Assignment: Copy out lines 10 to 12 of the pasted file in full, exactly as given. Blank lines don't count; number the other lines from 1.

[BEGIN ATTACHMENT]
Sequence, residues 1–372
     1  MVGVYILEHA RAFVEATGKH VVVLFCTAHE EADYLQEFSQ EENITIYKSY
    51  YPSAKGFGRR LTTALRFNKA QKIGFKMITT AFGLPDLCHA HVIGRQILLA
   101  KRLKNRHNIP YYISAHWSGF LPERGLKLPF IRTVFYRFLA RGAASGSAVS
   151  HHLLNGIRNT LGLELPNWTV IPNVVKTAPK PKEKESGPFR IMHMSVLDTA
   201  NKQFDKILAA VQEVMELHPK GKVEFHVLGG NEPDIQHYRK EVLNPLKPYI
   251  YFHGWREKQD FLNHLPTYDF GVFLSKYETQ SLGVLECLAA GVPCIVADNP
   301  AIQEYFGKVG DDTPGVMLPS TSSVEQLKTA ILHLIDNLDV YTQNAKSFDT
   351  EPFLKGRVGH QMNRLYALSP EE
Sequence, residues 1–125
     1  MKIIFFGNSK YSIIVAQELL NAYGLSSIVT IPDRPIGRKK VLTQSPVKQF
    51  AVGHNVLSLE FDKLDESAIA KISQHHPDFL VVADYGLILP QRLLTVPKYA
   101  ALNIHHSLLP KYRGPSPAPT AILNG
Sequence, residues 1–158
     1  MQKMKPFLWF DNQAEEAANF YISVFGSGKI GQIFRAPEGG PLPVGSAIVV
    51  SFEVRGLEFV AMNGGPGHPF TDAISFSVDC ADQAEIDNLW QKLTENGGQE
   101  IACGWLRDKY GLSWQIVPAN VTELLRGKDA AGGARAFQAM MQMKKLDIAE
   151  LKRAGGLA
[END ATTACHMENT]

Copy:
Sequence, residues 1–125
     1  MKIIFFGNSK YSIIVAQELL NAYGLSSIVT IPDRPIGRKK VLTQSPVKQF
    51  AVGHNVLSLE FDKLDESAIA KISQHHPDFL VVADYGLILP QRLLTVPKYA